A journal entry from one particularly long night on the Annapurna trail when we were treated to some unexpected evening entertainment.

Barking dogs formed the symphony of the Himalaya last night as we attempted to sleep in a chicken yard in Ghasa, a village along the west side of the Annapurna circuit. First a dog on the path outside our yard started up with a few insistent barks at some unknown intruder, which then set off a dog across the river. The echoes from that dog’s howl carried farther up the valley to where another dog lay awake and pretty soon he joined the chorus only to be joined by innumerable others. It was an exponential progression that reached its great crescendo some time around 1am. Just as the barks were tapering off, one of the porters sleeping upstairs in the lodge had to use the toilet, which is in a shack in the chicken yard. Well, the door to the toilet shack squeaks, and apparently when the first porter woke to go pee, he woke a second porter, who woke a third and so on and so forth until the squeaky bathroom shack was a constant revolving door as one after the other after the other fulfilled his midnight quest for relief.

At last the dogs were settled, the porters had all peed and only the gently rushing waterfall draping down the opposite wall of the valley filled the night air. Really though, it may as well have been broad morning daylight; I was awake as could be  (as I’d been since the first dog started on hours before). So I laid for a while and stared at my dark tent ceiling, letting my mind wheels turn as the water fell down the hillside. I picked up my worn copy of Jack Kerouac’s Dharma Bums and nearly finished its pages (which I hoped to stretch for five more days), plugged in my earphones for a little while and listened to Iron and Wine croon. I thought about sleep and thought about life and all of those things but they all alluded me, especially sleep. So I laid, and I waited.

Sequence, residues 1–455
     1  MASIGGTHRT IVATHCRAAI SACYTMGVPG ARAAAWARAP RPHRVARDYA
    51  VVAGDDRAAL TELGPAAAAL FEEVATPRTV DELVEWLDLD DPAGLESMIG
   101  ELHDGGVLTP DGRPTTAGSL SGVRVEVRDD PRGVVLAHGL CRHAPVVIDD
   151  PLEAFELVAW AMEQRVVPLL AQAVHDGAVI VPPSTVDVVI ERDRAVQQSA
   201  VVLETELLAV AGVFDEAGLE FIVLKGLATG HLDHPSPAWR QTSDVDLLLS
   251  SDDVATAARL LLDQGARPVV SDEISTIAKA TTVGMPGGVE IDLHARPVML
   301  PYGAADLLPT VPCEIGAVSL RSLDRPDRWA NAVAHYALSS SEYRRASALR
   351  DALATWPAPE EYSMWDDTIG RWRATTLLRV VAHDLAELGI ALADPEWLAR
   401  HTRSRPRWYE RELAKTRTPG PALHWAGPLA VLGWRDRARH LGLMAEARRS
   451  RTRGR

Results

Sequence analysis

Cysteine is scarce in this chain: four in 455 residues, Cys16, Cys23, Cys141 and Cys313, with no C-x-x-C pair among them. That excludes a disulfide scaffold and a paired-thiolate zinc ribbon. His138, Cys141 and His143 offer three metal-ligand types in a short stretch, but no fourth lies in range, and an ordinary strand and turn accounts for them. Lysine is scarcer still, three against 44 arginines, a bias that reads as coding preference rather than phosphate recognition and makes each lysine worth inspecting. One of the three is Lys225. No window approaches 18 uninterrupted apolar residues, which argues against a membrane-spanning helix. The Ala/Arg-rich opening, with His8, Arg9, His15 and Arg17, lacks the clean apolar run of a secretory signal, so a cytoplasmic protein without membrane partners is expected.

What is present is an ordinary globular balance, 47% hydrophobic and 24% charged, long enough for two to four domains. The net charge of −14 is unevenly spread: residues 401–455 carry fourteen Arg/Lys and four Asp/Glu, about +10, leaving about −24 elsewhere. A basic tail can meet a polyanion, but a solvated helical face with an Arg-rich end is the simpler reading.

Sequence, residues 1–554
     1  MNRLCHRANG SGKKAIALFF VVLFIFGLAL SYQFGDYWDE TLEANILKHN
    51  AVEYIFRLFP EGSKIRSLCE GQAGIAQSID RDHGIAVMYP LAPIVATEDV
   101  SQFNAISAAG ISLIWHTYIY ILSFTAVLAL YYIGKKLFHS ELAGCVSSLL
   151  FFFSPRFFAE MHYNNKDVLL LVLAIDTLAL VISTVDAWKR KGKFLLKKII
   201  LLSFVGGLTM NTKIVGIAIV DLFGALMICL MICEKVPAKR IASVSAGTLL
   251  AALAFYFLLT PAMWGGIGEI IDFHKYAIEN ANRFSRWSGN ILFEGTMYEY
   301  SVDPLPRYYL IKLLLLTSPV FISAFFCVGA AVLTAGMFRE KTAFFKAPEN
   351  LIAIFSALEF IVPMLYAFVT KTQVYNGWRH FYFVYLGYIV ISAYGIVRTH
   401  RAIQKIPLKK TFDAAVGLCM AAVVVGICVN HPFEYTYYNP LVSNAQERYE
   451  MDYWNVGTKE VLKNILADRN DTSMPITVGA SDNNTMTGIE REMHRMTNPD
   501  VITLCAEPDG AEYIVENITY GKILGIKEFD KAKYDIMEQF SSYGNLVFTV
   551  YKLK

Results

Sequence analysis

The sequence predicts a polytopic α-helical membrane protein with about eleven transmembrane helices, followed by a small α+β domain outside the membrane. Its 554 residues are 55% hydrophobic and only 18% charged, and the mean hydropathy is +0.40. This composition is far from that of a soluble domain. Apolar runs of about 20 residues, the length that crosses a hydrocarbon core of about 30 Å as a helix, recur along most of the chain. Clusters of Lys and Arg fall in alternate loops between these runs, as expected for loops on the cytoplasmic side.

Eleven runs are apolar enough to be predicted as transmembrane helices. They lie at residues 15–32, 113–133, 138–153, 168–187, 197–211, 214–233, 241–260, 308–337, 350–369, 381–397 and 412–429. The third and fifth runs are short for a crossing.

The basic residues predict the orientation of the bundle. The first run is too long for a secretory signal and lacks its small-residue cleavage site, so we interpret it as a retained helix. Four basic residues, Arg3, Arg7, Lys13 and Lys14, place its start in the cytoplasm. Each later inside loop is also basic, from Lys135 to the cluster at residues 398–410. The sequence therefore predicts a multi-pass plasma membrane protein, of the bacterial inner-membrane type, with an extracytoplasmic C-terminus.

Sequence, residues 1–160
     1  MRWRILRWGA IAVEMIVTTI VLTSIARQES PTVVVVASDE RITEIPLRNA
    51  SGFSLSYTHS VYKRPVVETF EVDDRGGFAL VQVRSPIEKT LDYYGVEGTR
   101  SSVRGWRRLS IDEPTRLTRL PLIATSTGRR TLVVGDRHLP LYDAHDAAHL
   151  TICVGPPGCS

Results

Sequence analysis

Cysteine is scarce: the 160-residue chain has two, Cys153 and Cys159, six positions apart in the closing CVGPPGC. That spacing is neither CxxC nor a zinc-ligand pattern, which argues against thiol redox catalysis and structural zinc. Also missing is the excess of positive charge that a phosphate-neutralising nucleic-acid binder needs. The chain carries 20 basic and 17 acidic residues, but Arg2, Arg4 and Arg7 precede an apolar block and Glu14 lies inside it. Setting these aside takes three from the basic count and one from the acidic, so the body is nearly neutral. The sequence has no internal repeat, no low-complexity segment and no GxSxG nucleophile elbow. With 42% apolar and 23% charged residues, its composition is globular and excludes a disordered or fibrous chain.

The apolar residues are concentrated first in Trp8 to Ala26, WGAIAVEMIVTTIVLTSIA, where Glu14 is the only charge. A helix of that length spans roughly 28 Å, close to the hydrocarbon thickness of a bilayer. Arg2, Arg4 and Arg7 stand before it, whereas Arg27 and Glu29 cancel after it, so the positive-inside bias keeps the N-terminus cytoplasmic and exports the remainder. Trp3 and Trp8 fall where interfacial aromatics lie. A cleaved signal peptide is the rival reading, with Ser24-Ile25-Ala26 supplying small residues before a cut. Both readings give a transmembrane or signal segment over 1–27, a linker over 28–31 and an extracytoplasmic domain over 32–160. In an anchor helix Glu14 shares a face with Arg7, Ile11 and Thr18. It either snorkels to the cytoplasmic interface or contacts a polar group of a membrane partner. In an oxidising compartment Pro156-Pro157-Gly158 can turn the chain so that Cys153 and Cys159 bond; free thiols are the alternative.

I didn’t need to wait long before the dog outside caught whiff of a scent it didn’t like and the symphony began again. I was a sleeping bag and tent zipper away from stepping out and throwing my boot right in the barking dog’s face but I didn’t think that a very Buddhist thing to do and as we are passing through mostly Buddhist villages where my foreign status already feels a bit intrusive, I decided it wise to wait things out. So I thought a little more. I tried sleeping on my left side, rolled over to my right side, spent a few brief minutes on my stomach and settled on my back. Just as sleep was sinking in and I lost my awareness that it was, the first light of morning sun crested the valley ridge. There was no more sleep for me, the porters started peeing and hacking and carrying on, the kitchen boys fired up their kerosene stoves and put their pots of water to boil, the roosters started screaming the news: the sun is rising! Then, of course, I had to pee and it was really all over, which wasn’t so awful considering that I had gone to sleep when the sun fell around 8:30, but still it was a long night spent waiting around for something that left as soon as it arrived.

The air outside my tent flaps was cool and brisk. I watched sunlight creep down the green valley wall and shivered at the dew that wet my bare toes as I stepped onto the grass. Another breathtaking morning in Nepal, who could be so lucky? I sighed and glanced around as I headed toward the bathroom. There was not a dog in sight.

I bet they were sleeping.


Tea in the chicken yard before the dogs began barking

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